OK, so call me hypersensitive. It's not something I've never heard before. In fact, it actually may be something I've finally owned up to, something I will no longer take strides to defend, since it is, in essence, who I am. I think I've finally come to embrace that.
I think as a parent, I’ve put that trait to good use while resisting the latest parenting trend when caring for my kids. I’ve seen, too, many parents who come from a place of logic and practicality; my own parent, actually. Each year, we send our daughter to sleepaway camp. It’s something we vehemently believe is good for her psychological and emotional growth. My mother sees it as being out of the range of affordability and feels the camp experience is an indulgence we buy into without giving any thought to the financial repercussions. (I do admit it is a little expensive.) However, if the camp is willing to offer a payment plan, one that does not strap us or put us in a position of struggle, I am of the mind that we absolutely should take it on. Yes, it may take a few months longer to pay down the balance, which will create certain sacrifices in the meantime (so we won’t be able to go out to dinner as much, for one), but we think it's worth it.
It's worth the peace of mind knowing that our 14-year-old is unplugged for two and a half months, spending her days running around in the sun (wearing sunscreen, I hope), hanging out with her best girlfriends day and night, creating memories and friendships that will last a lifetime, and being supervised 24-7. Also, the fact that these friendships she has created in the past years and continues to cultivate each following year will last longer than any friendship I ever had when I was that age (going by the many, many conversations I've had with people who are my age now and who have gone to sleepaway camp when they were her age). I know where my child is at all times and that she won’t be getting into a whole lot of trouble. It's a clean, wholesome environment. But it also affords me the ability to sleep at night. That alone is worth millions of dollars more.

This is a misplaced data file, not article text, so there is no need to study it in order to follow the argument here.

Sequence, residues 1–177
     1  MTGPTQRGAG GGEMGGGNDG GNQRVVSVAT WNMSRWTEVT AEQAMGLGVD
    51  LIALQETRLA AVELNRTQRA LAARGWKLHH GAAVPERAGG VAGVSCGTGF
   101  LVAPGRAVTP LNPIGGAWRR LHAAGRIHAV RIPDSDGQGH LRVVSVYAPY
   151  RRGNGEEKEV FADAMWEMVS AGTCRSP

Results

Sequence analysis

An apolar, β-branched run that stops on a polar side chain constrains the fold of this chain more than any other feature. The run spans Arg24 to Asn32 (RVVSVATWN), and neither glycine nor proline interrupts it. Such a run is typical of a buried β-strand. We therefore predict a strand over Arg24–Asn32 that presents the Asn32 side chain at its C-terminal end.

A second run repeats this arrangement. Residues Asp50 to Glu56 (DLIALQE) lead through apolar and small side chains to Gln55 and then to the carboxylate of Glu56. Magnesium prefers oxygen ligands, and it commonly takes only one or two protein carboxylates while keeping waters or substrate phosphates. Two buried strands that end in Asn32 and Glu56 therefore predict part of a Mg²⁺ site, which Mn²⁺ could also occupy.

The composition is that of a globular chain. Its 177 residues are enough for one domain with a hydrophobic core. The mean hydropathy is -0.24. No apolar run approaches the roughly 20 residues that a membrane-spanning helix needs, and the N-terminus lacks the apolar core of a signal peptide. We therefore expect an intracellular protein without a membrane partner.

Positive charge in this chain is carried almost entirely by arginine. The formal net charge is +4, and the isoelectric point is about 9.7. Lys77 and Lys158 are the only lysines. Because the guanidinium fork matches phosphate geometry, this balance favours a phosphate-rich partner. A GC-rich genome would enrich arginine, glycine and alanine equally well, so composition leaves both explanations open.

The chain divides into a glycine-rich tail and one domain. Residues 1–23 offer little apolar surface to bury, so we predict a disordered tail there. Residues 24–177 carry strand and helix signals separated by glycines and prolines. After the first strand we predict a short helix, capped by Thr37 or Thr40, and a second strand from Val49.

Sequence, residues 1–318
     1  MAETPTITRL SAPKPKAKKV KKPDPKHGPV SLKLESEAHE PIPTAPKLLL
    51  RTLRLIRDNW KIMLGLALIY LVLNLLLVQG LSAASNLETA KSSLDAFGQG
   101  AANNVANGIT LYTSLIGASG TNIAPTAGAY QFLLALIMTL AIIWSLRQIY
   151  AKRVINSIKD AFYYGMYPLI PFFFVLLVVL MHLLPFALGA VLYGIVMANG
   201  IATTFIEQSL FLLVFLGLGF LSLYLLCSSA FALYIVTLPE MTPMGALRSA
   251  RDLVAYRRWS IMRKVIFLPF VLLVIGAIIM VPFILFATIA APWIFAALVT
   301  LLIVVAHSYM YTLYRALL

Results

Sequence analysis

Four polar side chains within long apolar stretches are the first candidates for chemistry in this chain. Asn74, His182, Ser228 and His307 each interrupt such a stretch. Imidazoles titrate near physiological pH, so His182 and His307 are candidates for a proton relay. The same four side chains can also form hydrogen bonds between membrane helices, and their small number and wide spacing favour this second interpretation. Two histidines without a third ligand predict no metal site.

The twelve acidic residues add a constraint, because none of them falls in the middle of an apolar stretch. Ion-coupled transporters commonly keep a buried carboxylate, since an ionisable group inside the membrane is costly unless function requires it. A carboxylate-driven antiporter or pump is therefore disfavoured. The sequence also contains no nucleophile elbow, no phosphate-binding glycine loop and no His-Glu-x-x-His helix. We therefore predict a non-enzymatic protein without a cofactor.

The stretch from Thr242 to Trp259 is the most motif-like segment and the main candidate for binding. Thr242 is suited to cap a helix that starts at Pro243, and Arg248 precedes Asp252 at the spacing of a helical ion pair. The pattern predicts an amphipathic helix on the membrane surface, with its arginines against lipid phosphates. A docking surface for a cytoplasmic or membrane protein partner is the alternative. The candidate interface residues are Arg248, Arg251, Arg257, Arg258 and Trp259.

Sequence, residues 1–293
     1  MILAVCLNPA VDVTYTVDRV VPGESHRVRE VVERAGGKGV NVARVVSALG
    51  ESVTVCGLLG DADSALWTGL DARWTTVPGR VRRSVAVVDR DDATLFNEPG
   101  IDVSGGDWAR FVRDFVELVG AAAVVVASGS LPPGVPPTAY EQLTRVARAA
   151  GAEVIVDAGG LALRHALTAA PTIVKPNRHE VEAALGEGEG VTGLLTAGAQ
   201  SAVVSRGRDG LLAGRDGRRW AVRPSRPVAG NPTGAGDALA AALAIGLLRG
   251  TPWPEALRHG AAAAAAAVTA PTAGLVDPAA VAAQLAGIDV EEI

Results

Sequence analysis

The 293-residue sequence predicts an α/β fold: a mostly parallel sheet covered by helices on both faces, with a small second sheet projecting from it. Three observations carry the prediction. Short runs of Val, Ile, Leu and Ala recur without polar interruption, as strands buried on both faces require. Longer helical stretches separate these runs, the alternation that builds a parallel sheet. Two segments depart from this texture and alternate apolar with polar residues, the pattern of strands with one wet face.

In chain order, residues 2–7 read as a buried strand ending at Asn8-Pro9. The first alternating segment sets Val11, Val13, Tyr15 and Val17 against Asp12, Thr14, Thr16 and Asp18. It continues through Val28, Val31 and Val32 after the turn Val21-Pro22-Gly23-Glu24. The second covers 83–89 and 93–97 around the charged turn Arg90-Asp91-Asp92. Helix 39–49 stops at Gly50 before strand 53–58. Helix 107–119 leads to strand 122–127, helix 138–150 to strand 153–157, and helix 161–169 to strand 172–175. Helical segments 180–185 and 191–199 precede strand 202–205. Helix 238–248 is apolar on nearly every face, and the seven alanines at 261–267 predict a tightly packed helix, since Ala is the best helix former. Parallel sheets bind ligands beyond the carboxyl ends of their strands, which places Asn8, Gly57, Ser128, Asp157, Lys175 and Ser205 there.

It seems like the parenting trends that have been popping up and written about probably did work, at least for the kids they were created for. But we really won't know for sure until these children mature into grown-ups and tell us their inspiration to create a cure for cancer was inspired by their mom, who decided to withhold snacks and pizza, and sometimes even dinner, because they were fat and their mother told the world about it in a national magazine. These "experts"—and I by no means am declaring myself to be one here, either—are not necessarily encouraging us to be creative with our own kids, or to do what's best for the personalities we bore. When we read someone else's post, or interview, or book about what they're doing for their kids, it should not negate what we are doing for our own. Sometimes we're too quick to think maybe their way is better before factoring in the real possibility that there are pieces of puzzles that most definitely won't be the same as our own. A select few should not be dictating for the masses—even if it is a best-seller and the author was on Oprah.
We need to come from a place of confidence, a place of knowing that the way we’re raising our children is in complete agreement with who we are as the ones in charge. They need to learn from a young, impressionable age that they should always be true to their feelings, their perspective, and who they are as individuals. I would never insist on one child going to a camp just like the other does, because the level of interest is just not the same. In the same way I wouldn't insist on one not going, because it would mean I won’t be able to sample the farm-to-table menu and sustainable wines at the new organic restaurant in town.
There are choices we make every day. Some are big, some are small. And some days, we make better ones than others. But at the end of each day, if you’ve made at least one from the depths of your heart and soul, then you’re on the right path.